The taskmasters at the World Bank, the FMI and USAID knew exactly what was happening. They could see an offshoot of the army led by their friend Ugandan president Yoweri Museveni pitted against a government led by Juvénal Habyarimana. Whereas Museveni was calling on Africa to abandon its anti neo-colonial rhetoric and state loud and clear that Africa’s problems were of its own making, Rwandan President Habyarimana had a relatively prosperous and stable economy but was not as favourably disposed to the new dogma brought down by the by the Bretton Wood institutions.

    Privatization and a totally free-market economy presented specific problems for Rwanda. The social revolution of 1959 and independence combined with the growth of a public sector had enabled Rwandan Hutus to gain some economic power and prestige. The private sector, where incomes were much higher, remained largely dominated by Tutsis. The aggressive privatization and deregulation imposed by the Structural Adjustment Program meant an inevitable return towards what had been rejected since the 1960s and a reinforcement of the Tutsis’ power in the economy.

    Structural adjustment had another perverse effect on Rwanda. Funds would be given to countries for downsizing their armies. When Ugandan troops invaded Rwanda, the country officially reduced the size of its army. On paper all those Ugandan troops at war in Rwanda were no longer part of the Museveni’s army. Funding to Uganda therefore increased proportionally. Under the same policy, funding to Rwanda was cut since the Habyarimana government increased the size of its army threefold in order to fight the invaders. These were the funds used by Uganda to finance the war in Rwanda. James Gasana, who became Rwandan Defense Minister until he left the country in 1993, wrote a scathing criticism of that policy. “It is no secret that funds granted to two poor countries at war are used to procure weapons. That undercover funding by international development banks prevented international public opinion from understanding the international nature of the war.” 22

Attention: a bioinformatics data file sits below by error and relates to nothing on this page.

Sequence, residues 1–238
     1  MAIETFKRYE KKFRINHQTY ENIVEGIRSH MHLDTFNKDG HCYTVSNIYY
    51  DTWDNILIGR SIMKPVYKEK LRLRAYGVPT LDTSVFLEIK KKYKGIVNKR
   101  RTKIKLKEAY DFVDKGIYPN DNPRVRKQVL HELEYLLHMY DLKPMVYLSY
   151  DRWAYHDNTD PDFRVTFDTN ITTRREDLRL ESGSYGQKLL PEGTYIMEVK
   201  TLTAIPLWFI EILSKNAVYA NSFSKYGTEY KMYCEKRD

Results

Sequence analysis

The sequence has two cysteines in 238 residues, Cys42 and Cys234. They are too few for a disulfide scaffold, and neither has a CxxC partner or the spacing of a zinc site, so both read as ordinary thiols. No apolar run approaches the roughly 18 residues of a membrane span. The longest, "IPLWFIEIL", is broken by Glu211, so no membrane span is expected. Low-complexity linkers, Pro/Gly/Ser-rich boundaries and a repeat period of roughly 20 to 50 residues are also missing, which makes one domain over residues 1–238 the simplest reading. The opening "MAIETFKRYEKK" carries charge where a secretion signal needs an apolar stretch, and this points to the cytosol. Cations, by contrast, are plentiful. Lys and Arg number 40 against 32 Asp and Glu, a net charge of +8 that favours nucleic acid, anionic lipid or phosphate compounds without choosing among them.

Each time the government of Rwanda hesitated to negotiate with the invader or showed reluctance during negotiations, the bankers in New York and Washington would put the pressure on Kigali by refusing to provide the funds the government needed and counted on. Each time the RPF would gain new international recognition, the moral of the Rwandan armed forces would plummet as they increasingly got the impression they were fighting against the whole world. As could easily be predicted by anyone who cared to look, the war aggravated latent hostility between Hutu majority and the Tutsi minority.

    As could be expected, the expression “peace process” had quietly crept into the vocabulary of the international community led by the United States and Britain. The “peace process” was to be initiated at Arusha in Tanzania. Peace process essentially means war, a war in which the sponsors of the process choose the winner before the meeting they call takes place. They then pretend to be neutral during negotiations. Having bought time, they tighten the noose on the designated loser and prepare the ground to install a government that is totally subjected to their will. Peace process was on the lips of all the right thinking people, as of course was multiparty democracy.